Q: I was prompted to start this series of interviews because there seems to be a perception in the US and the UK that fantasy is a bit of a boy’s club. Do you think there’s a difference in the way males and females write fantasy?
I find that perception quite amusing, as in Australia 70% of fantasy readers are women. I’ve made more than 60 bookstores appearances in the last three years and I find I get many more sales from women than men.
Of course there is a difference in the way males and females write fantasy – but those differences are often relatively small and it would be natural for fantasy readers to have a stock of favoured male and female readers. You can read and enjoy both, for different reasons.
Australian Bookseller + Publisher said I write the “best battle scenes since the late (David) Gemmell’’. I took that as a huge compliment – but I know I also appeal to a female readership with two of the three main characters being strong females.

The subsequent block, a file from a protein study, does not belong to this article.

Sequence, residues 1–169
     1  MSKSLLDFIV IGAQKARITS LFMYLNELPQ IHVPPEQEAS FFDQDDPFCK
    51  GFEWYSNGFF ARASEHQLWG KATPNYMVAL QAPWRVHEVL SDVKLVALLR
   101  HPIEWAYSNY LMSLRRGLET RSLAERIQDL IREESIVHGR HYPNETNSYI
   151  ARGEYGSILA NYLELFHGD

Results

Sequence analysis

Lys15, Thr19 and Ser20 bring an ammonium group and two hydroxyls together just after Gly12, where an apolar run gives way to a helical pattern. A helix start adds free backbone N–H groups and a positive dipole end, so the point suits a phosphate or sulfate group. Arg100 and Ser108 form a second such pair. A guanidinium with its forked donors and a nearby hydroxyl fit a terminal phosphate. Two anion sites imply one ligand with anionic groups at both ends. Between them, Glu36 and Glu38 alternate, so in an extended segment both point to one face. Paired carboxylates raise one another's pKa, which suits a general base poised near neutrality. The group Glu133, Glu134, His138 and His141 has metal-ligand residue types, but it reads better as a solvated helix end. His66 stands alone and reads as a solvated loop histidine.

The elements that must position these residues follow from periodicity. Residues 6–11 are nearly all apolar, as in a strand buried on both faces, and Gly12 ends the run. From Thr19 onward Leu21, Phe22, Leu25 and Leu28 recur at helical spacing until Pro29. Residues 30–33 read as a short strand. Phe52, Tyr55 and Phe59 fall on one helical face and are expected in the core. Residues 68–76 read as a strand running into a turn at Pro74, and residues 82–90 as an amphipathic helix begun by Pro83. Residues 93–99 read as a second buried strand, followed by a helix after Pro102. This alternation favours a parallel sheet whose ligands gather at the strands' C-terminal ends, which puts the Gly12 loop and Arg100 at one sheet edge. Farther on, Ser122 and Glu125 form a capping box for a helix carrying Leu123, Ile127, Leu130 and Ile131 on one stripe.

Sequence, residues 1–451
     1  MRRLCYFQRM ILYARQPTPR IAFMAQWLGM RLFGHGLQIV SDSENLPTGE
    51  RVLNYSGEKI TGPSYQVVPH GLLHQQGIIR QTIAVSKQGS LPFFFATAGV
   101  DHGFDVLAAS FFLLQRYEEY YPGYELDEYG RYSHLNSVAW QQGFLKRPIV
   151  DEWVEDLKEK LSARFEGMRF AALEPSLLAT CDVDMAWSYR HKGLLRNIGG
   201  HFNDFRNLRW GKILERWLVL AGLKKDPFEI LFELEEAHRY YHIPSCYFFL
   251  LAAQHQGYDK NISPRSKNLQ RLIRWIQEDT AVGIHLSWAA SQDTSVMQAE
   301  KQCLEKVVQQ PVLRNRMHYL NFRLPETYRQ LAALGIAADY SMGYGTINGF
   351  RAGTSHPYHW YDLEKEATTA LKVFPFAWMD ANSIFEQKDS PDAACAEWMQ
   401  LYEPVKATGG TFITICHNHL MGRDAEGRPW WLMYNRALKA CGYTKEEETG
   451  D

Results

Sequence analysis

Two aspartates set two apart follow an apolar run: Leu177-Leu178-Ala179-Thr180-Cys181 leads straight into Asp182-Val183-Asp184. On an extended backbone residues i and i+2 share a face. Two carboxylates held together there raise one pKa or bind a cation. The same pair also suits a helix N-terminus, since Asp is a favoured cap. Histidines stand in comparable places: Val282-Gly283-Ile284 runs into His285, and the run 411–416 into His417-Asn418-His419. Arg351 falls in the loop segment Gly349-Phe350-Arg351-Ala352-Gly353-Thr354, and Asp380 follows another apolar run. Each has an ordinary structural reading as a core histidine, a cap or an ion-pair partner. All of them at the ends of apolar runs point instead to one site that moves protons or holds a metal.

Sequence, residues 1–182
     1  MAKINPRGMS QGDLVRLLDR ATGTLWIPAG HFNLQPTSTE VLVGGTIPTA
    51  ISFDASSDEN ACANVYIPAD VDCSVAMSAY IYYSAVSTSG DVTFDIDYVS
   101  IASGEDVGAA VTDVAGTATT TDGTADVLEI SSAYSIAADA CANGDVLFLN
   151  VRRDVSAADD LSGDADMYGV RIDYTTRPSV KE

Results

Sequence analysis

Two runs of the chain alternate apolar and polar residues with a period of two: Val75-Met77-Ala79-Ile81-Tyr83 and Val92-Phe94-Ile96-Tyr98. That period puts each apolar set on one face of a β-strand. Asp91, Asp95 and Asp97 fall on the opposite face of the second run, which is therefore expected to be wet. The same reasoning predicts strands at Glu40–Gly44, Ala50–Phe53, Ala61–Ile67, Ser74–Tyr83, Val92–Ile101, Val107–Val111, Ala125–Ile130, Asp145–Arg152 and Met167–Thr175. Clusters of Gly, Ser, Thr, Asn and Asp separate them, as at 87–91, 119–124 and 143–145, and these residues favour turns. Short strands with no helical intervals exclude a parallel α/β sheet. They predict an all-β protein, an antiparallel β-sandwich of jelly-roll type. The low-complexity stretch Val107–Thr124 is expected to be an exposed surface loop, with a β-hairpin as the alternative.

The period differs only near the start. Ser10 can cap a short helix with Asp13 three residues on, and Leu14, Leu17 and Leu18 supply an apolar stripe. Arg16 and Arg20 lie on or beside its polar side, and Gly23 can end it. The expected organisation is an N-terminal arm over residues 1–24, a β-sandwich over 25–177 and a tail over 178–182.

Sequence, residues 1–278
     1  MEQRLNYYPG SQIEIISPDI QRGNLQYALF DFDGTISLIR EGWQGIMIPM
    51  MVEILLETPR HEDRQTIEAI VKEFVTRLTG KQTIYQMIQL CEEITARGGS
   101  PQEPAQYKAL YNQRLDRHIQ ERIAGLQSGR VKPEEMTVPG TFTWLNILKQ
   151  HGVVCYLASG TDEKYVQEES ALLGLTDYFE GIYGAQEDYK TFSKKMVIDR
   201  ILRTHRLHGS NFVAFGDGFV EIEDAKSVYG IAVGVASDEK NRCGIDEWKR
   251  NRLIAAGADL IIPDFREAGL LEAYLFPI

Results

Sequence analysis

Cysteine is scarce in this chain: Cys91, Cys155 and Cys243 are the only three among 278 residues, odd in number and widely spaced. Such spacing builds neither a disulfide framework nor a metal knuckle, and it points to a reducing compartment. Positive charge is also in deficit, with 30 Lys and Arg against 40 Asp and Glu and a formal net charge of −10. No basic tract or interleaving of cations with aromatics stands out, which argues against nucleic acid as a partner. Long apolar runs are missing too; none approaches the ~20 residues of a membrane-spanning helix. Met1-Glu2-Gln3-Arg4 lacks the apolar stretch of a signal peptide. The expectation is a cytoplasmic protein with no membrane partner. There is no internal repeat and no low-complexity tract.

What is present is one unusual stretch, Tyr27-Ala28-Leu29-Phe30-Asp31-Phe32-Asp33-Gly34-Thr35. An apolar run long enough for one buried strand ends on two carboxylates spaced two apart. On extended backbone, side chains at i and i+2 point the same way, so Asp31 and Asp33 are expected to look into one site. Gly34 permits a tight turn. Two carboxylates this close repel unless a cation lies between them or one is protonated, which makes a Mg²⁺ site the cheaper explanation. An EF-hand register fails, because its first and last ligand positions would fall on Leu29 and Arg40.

I haven’t read enough female fantasy writers to offer more than a limited, and generalized opinion, but if there is one area where they perhaps fall down is in the last 5% of a male character – the x-factor if you will. Testosterone, as well as an instinct to win and be dominant often make men do strange and foolish things for what seems to be no good reason. It’s something I have found often lacking in my –admittedly limited – reading of fantasy male characters written by women.
I’m sure the reverse is true as well. I have three sisters, a wife and a daughter but as much as I like to think I understand women – perhaps my female characters are also missing that top 5%!